“This’ll be criticized, I’m expecting it. But I hope at the end of the day that even critics can understand that this is significantly different than proposals in the past,” Knost said. “It’s a fraction of what we’ve asked for in the past. I’m not trying to fix the school district for decades and decades to come… This is an attempt to get us to the next level of forward motion.”

Knost’s bond issue recommendation cuts $5 million from his $29.2 million Forward Motion plan to make the bond issue smaller.

Knost’s full plan calls for $8 million to replace HVAC systems more than 20 years old, $8.2 million to build a 500-seat auditorium and 75-seat theater at Oakville High School, $6 million for classroom additions at three schools and a new library at Bierbaum Elementary School and $2.5 million for a new entryway and elevator at the Witzel Center.

To cut the cost to $24.5 million, Knost rolled back the HVAC replacement budget to $5 million and took window replacement and tuckpointing out of the Witzel project.

Of the 29 cents included in two ballot questions proposed by Knost, a 19-cent bond issue would go to the debt-service fund to pay for the smaller $24.5 million long-range facilities plan and retire certificates of participation — a move that would free up some of the district’s operating budget to fund ongoing technology and facilities plans — and a second ballot question, a 10-cent tax-rate increase, would go to build up reserves.

Knost strongly recommended that the board place the bond issue on the ballot in August, the next general election, but some board members wondered whether a November bond issue would fare better.

Board Vice President Venki Palamand cautioned that ballot issues have historically not gone well for Mehlville in August elections, and losing would mean that the district would have to cut back on its technology and facilities programs.

“Why August?” asked board President Ron Fedorchak.

“Why not August?” Knost replied.

Palamand noted that without any type of survey, the district has no idea if the bond issue will pass a few months from now.

“The vote is a survey. Put a vote out there,” board member Jean Pretto said. “Survey the people. See if they want it or not.”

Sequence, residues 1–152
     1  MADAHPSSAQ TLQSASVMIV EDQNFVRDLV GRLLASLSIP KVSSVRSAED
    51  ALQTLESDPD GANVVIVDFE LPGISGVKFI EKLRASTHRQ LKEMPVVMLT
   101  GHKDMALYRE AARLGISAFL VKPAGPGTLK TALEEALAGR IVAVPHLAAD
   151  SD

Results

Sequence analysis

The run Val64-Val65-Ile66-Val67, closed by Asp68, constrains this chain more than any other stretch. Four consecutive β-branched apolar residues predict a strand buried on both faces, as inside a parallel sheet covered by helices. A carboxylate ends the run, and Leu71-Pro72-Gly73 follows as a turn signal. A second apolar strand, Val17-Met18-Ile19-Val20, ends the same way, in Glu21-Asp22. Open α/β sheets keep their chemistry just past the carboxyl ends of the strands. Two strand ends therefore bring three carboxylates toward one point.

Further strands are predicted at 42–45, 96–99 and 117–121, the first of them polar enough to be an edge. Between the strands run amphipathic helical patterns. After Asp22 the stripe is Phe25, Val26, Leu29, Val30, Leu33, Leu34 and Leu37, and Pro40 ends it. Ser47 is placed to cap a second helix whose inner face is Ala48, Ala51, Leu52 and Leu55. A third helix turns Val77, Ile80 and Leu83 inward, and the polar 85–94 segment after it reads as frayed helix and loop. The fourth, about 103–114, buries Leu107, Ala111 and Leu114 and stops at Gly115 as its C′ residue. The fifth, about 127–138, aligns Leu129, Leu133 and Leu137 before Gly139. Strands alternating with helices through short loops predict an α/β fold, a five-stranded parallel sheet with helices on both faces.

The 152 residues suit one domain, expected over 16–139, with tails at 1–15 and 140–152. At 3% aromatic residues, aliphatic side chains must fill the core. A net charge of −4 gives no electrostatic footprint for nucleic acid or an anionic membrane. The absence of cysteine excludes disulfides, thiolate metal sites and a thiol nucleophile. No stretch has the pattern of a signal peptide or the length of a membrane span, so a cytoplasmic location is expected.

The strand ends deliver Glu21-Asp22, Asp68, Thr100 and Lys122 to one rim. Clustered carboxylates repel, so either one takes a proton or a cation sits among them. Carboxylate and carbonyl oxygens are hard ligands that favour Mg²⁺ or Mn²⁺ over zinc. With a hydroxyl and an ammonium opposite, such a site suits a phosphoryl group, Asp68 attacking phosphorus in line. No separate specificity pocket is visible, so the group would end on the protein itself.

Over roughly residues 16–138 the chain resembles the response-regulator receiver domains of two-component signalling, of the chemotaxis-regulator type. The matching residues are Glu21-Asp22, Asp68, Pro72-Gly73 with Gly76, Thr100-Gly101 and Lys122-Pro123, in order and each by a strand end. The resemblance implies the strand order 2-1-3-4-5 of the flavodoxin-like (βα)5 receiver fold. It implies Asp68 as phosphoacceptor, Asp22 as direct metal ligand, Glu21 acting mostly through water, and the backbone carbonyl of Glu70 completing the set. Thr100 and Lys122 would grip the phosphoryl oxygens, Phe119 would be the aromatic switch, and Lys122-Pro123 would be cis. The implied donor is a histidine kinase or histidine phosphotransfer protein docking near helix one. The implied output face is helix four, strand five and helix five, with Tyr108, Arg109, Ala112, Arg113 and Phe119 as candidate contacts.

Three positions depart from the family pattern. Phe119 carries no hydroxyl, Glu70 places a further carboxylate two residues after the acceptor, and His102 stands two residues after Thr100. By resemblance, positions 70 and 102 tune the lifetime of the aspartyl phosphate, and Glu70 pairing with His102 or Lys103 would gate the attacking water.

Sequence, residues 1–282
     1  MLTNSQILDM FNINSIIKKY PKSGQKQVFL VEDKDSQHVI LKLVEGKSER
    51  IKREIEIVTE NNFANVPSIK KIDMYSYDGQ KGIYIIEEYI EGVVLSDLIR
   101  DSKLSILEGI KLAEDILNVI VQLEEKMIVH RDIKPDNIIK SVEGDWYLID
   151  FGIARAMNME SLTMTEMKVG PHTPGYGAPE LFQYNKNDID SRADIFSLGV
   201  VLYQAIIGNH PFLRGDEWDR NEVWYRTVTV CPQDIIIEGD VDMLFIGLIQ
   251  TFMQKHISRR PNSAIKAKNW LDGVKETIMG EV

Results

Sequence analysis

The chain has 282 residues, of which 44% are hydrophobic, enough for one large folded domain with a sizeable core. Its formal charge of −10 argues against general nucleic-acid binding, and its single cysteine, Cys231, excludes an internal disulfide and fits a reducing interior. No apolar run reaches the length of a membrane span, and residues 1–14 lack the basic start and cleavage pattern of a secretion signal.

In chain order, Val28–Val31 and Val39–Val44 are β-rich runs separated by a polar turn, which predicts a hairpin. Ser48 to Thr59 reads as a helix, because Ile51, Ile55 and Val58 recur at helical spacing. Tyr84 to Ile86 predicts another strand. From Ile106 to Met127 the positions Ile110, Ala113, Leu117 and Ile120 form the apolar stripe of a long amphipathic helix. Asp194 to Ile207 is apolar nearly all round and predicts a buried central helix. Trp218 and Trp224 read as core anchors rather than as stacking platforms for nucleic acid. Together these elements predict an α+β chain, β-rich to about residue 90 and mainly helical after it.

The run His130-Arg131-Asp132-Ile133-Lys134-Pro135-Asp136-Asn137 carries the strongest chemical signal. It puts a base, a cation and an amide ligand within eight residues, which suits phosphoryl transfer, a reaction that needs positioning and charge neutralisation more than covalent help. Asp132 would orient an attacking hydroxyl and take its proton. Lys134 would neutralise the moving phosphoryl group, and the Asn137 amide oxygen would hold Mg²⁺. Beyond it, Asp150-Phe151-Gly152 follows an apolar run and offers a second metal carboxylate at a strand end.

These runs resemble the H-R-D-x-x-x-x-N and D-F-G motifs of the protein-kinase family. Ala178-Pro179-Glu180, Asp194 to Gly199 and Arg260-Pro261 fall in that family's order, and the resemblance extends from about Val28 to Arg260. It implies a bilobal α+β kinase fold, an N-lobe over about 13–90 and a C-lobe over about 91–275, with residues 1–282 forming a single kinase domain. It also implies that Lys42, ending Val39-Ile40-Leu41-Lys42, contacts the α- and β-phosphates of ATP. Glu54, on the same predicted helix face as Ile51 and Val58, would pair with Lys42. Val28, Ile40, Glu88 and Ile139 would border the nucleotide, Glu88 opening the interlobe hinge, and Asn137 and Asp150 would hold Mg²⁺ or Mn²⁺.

Pretto added that she believes district voters are ready to support a bond issue that is reasonable, contrasting the cost of the current proposal with past rejected plans.

“With all due respect, they were out of line,” she said. “And naturally they were turned down by reasonable people.”

“There’s a real cost to losing, and not just in terms of morale,” Palamand said. “If it doesn’t pass, the district is going to have to wait another two to three years (to bring up another bond issue). The other thing is, you won’t be here … If we wind up losing in August, I don’t see how we can hold the Rockwood superintendent accountable for this loss.”

The long-range plan is the capstone to Knost’s work as superintendent, he noted.

Concern about Knost leaving prompted former school board candidate Randy Howard, who came in fifth place among five candidates in last month’s school board election, to note that Knost will not be here to oversee or carry out the plan.

“We are seeking a new superintendent and to propose a massive spending proposal in the last month of a broken contract is less than responsible,” he told the board. “You need to not saddle a new superintendent with something like this.”

After Knost got the job at Rockwood in March, the Mehlville board voted 7-0 to release him from his three-year contract, which ran through 2016.